Recent examples of Israeli claims that were later proven to be lies include the 2014 air strike that killed children playing football on a beach in Gaza. The attack, which saw four young boys from the Bakr family killed, was claimed by Israel to have been a Hamas missile. However, foreign journalists staying nearby had witnessed the killing, and Israel was later forced to admit culpability, saying that the target had been a Hamas compound.
A later investigation found that the drone operators had fired without taking care to distinguish between the children and militants.
It is highly possible that Israel’s claim that the explosion at al-Ahli Arab Hospital in Gaza City – which saw 470 Palestinians killed – was caused by a Hamas missile will eventually prove to be yet another lie. This, despite Biden’s rush to say it was probably done by “the other team”, as if speaking about a football match.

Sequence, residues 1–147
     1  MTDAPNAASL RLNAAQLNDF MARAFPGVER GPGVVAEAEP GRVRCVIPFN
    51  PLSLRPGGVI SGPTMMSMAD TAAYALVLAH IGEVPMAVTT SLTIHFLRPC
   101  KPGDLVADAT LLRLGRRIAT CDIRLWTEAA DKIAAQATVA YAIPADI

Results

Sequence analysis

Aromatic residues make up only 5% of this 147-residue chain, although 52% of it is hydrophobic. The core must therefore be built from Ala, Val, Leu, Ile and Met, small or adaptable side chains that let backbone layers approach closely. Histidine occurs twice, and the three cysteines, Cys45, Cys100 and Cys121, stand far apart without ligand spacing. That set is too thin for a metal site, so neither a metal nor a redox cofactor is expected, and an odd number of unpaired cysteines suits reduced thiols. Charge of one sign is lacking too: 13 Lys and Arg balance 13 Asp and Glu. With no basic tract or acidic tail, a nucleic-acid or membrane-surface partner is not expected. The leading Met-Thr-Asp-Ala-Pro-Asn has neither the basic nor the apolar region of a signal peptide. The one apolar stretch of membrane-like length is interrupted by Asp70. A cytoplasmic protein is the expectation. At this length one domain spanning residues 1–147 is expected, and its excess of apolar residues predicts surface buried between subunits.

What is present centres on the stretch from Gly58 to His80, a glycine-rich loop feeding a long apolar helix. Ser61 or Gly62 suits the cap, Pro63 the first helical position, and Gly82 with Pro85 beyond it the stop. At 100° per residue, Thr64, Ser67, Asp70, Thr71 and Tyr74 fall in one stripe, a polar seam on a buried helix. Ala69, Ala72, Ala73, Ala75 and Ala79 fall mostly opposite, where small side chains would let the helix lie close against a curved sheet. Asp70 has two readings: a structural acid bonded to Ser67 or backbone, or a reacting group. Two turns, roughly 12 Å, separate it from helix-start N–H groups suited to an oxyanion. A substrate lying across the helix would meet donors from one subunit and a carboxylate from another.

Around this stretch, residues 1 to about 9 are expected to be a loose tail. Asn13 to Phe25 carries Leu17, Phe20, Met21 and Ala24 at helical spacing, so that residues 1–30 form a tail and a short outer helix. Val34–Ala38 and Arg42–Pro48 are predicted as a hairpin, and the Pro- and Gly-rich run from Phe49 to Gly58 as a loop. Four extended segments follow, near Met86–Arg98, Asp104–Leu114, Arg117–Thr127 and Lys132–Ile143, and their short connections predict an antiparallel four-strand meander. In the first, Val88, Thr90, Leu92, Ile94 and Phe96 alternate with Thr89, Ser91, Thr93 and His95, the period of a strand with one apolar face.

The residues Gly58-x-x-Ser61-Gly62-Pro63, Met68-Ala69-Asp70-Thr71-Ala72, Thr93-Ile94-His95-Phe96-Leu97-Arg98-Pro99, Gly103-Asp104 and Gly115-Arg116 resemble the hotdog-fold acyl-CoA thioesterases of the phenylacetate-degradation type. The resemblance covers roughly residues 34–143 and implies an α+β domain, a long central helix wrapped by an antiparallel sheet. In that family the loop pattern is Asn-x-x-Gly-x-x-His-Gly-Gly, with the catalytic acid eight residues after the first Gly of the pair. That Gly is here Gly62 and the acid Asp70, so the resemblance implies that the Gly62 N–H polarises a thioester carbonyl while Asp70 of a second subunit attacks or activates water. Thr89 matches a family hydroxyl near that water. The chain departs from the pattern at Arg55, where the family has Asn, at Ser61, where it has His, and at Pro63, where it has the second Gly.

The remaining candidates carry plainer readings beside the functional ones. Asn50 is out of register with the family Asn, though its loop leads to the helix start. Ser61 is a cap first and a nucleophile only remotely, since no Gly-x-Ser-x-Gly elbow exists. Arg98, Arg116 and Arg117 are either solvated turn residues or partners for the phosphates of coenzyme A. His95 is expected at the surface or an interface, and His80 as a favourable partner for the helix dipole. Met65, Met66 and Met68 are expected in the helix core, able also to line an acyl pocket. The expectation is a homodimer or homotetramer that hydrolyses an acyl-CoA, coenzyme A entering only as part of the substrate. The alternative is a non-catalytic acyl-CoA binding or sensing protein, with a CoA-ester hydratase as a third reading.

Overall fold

The killing of Al Jazeera journalist Shireen Abu Akleh in May 2022 also had a similar feel. In the days after her killing, Israel denied responsibility and claimed that Palestinian militants had done it. After months of denial, Israel accepted the high possibility that Abu Akleh had been killed by Israeli forces.
Considering all of these factors and the long records of US and Israeli lies, European powers should be in no rush to believe the US and Israel and give full and unconditional support.
As Zeynep Tufekci stated in her column in the New York Times: “If the US response after September 11 is a model, it is a model of what not to do.”
Perhaps we should repeat the line, often attributed to Albert Einstein, who himself was Jewish, that “insanity is doing the same thing over and over again and expecting different results”.
In this case, insanity would be following the US’s lead, despite its record – and then expecting different results.
Source : ME